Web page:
Heaven, by Randy Alcorn (Part 2)

When you think of Heaven, what do you picture?  Floating around as “spirit” singing hymns for all eternity?  Maybe playing a harp while sitting on a cloud?  Honestly, when I used to think of Heaven, I just kind of had a void in my mind because I really didn’t know what to picture.  Many people believe that our souls are resurrected for all eternity, but that the other language in Scripture that depicts Heaven and things in Heaven as being physical is simply symbolic, that Heaven is simply spiritual and not really physical.  But picture Heaven as being a physical place, with mountains and meadows and lakes and rivers and buildings and streets and work.  Picture being reunited with our loved ones, really getting to walk with them and have conversations.  How about meeting people that you never met on Earth but that influenced you in some way?  If we are in a disembodied state floating on some cloud for all of eternity, how would we get to reunite with those we love, and meet those we love without ever having met them?  Alcorn presents quite a strong case for Heaven being a physical place that occupies physical space and is made up of physical, tangible elements.  How can I run and not be weary, walk and not faint, if I am only spirit?  Scripture says that we will rule over cities, rule over the angels, serve the LORD for eternity.  What will we rule and how will we serve if Heaven is not a physical place?  Reading Alcorn’s description of Heaven as he has studied what Scripture says about it really excites me.  I’m sure some will disagree with the idea of Heaven being literal and physical, but his arguments are pretty strong.  Throughout the rest of the book he goes into greater detail about what we can infer from Scripture about the different components of Heaven, but for now I just want to meditate a while on getting to walk beside a river with the One Who died for me, to touch Him and hold His scarred hands and talk with Him.  That is something worth thinking about.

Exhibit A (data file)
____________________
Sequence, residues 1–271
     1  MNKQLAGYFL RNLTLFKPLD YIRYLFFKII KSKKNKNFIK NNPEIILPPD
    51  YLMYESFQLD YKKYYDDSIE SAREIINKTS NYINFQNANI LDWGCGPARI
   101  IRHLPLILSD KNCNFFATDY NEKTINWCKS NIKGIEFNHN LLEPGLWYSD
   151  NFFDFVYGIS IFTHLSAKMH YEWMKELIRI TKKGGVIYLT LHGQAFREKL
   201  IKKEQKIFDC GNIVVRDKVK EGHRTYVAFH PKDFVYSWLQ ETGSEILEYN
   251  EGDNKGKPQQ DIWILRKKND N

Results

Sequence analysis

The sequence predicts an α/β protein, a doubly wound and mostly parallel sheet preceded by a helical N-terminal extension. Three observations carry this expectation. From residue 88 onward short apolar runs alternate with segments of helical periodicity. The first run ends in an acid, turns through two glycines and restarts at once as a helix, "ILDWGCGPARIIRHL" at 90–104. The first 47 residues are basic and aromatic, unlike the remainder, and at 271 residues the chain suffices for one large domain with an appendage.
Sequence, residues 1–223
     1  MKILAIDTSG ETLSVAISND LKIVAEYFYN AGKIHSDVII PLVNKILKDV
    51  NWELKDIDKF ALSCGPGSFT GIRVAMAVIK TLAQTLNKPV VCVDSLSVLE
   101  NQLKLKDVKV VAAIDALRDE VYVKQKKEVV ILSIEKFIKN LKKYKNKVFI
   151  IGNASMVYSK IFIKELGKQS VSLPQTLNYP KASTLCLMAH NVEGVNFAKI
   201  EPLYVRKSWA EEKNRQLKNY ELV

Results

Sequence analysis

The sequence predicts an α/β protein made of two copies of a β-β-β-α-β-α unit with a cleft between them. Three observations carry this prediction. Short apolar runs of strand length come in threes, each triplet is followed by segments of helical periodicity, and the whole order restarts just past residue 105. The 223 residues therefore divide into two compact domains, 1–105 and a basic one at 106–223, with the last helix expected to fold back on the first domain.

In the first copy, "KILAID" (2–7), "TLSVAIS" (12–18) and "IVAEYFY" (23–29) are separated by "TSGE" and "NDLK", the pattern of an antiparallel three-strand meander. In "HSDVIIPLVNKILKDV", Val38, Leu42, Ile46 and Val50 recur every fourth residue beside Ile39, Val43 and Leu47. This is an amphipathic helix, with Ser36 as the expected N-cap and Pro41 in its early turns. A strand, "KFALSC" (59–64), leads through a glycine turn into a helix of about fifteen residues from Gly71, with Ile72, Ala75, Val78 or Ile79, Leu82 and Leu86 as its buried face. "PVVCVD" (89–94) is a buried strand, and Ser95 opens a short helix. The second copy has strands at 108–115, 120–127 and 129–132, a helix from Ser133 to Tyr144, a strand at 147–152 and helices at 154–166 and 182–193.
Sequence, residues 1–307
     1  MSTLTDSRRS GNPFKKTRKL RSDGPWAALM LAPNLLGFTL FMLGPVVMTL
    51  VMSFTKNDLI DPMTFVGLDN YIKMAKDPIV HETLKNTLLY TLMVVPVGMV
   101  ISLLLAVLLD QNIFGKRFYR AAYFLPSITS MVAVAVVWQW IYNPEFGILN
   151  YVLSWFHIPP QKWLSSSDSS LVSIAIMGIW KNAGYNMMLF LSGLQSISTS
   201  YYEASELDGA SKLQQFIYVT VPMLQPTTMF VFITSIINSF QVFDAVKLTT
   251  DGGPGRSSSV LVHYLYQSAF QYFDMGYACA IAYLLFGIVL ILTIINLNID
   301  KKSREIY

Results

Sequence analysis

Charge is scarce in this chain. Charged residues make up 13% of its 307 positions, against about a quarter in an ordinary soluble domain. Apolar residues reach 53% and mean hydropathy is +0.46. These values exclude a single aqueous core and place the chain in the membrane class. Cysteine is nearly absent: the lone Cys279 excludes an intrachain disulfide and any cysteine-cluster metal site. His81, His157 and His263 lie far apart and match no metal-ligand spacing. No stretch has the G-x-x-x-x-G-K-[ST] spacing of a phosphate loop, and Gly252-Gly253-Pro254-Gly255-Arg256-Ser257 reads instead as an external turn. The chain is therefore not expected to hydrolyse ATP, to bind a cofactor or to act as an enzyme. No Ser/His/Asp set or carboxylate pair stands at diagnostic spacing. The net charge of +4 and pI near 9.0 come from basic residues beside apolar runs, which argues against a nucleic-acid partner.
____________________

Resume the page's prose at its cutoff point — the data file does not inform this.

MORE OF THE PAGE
Note:  For anyone who is curious about Alcorn’s teaching on Heaven but does not want to wade through a theological work (although this book is really smooth reading), I strongly recommend his novels, Deadline and Dominion, along with Deception which is recently out.  He intermingles his doctrine of Heaven with a suspenseful, thought-provoking plot that makes for an excellent read.

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